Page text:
If your seat stays are attached as far onto the top tube as your diagram, then it is likely the back of your thighs will be banging uncomfortably into them. That is why you don't see them going too far forward.

Doug
 

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doug fattic said:
They are often called "Hellenic stays" in honor of Fred Hellens who made frames that way in England in the 1920's.
Thank you Doug!!

Better to use the right terminology than a modern advertising name. "Triple Triangle" is right up there on my peeve meter along with "Gooseneck"

I believe this treatment on this frame is too extreme. For the reason you mentioned and the fact that neither the ST or TT is butted at all in this area. It's asking for a future failure.

We have no geo on that page, so kind of hard to tell you much of anything.
 

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Discussion Starter · #8 ·
Awesome shared knowledge guys.
I am particularly blessed with the opportunity to hear Doug and Bohm's thoughts shortly
after discovering their custom build works.

Beautiful stuff dudes! Thanks for the springboard to learn some more with the terms too!

I might bounce back a different layup in a couple days just to see your thoughts. If you get a chance, please break the levy and flood my mind with more insights.
!

truly,
jmk
 

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Discussion Starter · #9 ·
my fault on the lack of knowledge difference between advertised and terminology.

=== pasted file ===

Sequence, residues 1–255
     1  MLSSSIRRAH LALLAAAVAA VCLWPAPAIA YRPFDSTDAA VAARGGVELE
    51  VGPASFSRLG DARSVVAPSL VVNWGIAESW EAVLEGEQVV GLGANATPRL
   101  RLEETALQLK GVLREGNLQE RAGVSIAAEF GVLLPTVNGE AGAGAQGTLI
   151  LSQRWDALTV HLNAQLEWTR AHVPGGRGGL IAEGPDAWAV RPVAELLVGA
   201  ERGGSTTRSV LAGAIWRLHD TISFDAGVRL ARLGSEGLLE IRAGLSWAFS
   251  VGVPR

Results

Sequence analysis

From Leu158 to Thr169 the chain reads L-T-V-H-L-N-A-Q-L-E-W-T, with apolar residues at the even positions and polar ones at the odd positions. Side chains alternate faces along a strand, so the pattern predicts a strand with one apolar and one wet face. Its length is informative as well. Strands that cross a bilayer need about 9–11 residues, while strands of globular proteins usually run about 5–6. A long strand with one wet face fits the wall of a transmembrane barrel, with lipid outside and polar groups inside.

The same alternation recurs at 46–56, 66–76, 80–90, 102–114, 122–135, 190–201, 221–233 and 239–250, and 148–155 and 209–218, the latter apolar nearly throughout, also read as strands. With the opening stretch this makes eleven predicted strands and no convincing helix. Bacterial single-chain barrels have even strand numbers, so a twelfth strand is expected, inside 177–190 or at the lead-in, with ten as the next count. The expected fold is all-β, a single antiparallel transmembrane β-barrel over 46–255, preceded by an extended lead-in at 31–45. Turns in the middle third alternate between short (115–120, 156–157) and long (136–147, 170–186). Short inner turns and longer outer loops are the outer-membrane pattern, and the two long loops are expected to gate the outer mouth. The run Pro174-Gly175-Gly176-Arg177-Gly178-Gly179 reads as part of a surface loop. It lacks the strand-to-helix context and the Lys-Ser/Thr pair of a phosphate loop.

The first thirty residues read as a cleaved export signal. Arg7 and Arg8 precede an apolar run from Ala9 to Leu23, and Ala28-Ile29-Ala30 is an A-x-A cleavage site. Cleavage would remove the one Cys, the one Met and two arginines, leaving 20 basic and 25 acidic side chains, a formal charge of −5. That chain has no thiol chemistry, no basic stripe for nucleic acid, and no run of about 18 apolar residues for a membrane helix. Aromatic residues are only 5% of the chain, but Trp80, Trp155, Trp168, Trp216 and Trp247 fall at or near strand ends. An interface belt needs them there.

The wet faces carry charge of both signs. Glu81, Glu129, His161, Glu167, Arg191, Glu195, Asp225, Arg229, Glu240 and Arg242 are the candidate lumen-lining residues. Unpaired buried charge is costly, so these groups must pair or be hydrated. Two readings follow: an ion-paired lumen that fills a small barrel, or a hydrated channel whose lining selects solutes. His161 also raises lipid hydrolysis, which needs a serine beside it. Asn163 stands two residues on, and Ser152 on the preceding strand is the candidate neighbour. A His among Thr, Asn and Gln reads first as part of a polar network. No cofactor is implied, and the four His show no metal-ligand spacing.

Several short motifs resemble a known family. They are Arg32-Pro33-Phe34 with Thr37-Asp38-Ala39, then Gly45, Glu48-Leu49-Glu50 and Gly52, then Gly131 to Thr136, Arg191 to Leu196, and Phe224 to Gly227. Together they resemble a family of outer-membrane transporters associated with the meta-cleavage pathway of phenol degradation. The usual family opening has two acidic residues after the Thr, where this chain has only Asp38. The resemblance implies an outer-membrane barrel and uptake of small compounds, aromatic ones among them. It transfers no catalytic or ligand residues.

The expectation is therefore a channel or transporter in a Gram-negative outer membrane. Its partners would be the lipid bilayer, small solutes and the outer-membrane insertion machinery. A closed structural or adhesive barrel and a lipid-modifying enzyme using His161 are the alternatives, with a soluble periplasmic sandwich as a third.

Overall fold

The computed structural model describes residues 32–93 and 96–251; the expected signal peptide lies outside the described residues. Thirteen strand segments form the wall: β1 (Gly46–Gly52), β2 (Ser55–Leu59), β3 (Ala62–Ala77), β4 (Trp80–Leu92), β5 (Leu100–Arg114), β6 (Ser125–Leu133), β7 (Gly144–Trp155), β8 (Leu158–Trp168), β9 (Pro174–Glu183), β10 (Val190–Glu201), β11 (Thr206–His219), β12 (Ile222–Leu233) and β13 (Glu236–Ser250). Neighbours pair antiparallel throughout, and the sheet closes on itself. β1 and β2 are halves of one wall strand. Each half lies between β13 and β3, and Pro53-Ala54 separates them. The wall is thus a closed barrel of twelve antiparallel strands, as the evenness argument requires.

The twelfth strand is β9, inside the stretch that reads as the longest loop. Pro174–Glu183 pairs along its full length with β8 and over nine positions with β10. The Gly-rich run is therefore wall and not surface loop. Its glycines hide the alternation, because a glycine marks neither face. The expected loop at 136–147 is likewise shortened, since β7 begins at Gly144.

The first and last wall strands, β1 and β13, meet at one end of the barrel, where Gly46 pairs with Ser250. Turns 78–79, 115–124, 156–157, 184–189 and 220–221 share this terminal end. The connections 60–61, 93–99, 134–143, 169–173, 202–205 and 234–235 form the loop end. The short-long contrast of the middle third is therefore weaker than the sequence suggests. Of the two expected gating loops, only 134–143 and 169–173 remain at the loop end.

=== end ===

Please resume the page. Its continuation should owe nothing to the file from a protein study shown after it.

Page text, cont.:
That too is something I am not a fan of in other arts... so I'm feeling ruff there.

Thanks for the correction.

jmk
 

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Discussion Starter · #11 ·
well...
I have done a bit of learning, (never enough) and decided to redraw the sketch crowning this post.

I feel it builds on criticisms such as:

-raised intersection of seat-stay/seat-tube bridge
-smaller front triangle
-seat-stay rake matching fork (50mm)
-'almost' parallel seat-stay and bottom tube

Any thoughts on the seat-stays acting as a static shock like the fork does?

Thanks again!

truly,
jmk
 

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If you use a narrow q-factor, the riders legs will rub against the seat stays!
If you want "static shock" turn the seat stays the other way around...
 

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I'm not a frame builder (yet) but enjoy reading these threads and picking up knowledge for the future. Can some one fill me in on how this is hour-glass geometry? I fail to see the connection.
 

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Discussion Starter · #15 ·
That title only stemmed from my beginning knowledge (or lack thereof) of the term to describe seat-stays that overlap the seat-post and make a connection on the top-tube.

That wording arose from the first sketch posted here where the area below the saddle resembles two (almost) equilateral triangles end on end. Much like the silhouette of the two chambers in an hourglass.

(thank you guys for enlightening me) The historical way they have named this is 'Hellenic Stays' for the innovator if I understand right.

jmk